Now, Phil and I had known each other for a few years. We met through LinkedIn.
We have never actually seen each other, in person. He’s not even on the same continent as I am. Yet I wrote the article all the same. It’s on Food Addictions and Treatments.
Now, did I expect fame and fortune from all this?
Well, I’d be lying if I said it wouldn’t be nice. But do I honestly think that empires will rise and fall based upon my one little article?
Of course not.
Karmic Wheel Spinning
But I think it illustrates the point I have made about collaboration. That is, sometimes you just up and do something for someone. And you do it because you just, well, want to do something for someone.
So that ends up a reward unto itself, is it not?
And by the way, I hope you do read the article. Because I think it’s the kind of thing that’s got to be written about. And it continues to shock me that other writers wouldn’t touch the subject matter with a ten-foot pole, as if it would give them cooties to talk about addiction. As if being at all sympathetic with people who are ill would, somehow, mean they were condoning those lifestyle choices or admitting that they, too, were imperfect.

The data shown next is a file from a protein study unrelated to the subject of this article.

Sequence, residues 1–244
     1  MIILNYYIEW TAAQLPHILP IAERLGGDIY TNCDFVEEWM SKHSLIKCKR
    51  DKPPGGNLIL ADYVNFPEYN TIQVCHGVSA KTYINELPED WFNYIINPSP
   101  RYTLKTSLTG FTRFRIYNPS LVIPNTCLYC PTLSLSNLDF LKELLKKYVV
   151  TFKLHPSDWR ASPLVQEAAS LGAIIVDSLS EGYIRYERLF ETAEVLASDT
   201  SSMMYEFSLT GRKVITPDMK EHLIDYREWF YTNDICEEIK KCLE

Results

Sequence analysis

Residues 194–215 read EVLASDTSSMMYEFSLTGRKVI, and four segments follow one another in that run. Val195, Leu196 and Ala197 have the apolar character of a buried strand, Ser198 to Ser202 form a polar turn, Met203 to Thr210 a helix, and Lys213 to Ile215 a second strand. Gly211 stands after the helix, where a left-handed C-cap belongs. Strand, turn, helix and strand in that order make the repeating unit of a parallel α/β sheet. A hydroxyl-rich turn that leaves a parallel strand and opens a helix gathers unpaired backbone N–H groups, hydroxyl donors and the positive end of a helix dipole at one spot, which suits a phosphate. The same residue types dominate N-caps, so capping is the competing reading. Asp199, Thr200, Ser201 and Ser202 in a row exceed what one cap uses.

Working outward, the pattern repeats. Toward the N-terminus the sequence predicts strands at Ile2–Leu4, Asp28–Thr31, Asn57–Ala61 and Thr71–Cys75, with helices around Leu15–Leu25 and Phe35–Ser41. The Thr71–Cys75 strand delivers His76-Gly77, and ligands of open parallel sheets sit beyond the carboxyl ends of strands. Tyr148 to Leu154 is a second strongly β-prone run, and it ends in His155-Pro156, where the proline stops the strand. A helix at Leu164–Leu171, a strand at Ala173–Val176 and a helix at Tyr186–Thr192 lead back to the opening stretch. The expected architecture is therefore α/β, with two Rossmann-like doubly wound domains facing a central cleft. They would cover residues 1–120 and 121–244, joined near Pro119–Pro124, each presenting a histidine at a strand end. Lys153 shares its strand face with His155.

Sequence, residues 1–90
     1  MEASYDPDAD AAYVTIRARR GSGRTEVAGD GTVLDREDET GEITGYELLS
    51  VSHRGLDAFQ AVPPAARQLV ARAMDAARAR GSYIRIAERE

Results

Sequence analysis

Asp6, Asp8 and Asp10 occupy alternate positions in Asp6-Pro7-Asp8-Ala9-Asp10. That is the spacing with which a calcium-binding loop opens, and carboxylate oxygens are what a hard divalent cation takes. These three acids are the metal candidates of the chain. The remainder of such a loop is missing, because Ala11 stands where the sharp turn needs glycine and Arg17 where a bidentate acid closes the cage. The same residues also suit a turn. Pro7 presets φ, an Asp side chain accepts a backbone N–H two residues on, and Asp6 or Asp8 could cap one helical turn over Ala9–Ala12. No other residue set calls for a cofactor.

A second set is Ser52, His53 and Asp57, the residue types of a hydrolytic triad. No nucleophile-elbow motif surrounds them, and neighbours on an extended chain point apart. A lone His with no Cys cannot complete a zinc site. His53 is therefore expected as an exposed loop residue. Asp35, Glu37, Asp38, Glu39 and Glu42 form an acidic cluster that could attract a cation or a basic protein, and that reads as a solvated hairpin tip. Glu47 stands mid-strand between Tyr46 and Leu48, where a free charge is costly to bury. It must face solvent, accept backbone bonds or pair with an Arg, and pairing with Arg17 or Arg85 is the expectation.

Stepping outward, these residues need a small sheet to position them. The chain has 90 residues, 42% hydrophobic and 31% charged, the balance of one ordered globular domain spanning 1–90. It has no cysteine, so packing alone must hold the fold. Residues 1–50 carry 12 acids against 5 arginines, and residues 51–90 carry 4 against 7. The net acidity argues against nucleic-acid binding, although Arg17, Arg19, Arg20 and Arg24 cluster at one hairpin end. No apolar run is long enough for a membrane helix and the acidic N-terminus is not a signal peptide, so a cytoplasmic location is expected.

Hey, I will shout it from the rooftops – I’m imperfect!
And if I’m not mistaken, the sky did not just come crashing down.
Go forth, and I hope you’ll collaborate, and do things for others. And the karmic wheel will turn for you, too.
Beta reading is both an art and a science, I feel. There are good ways to do it. And there are not so good ways.
But as an independent writer, the best way to get beta readers to help you is to become a beta reader yourself. Here I’ll address common issues and ways to make it a more productive experience for both of you.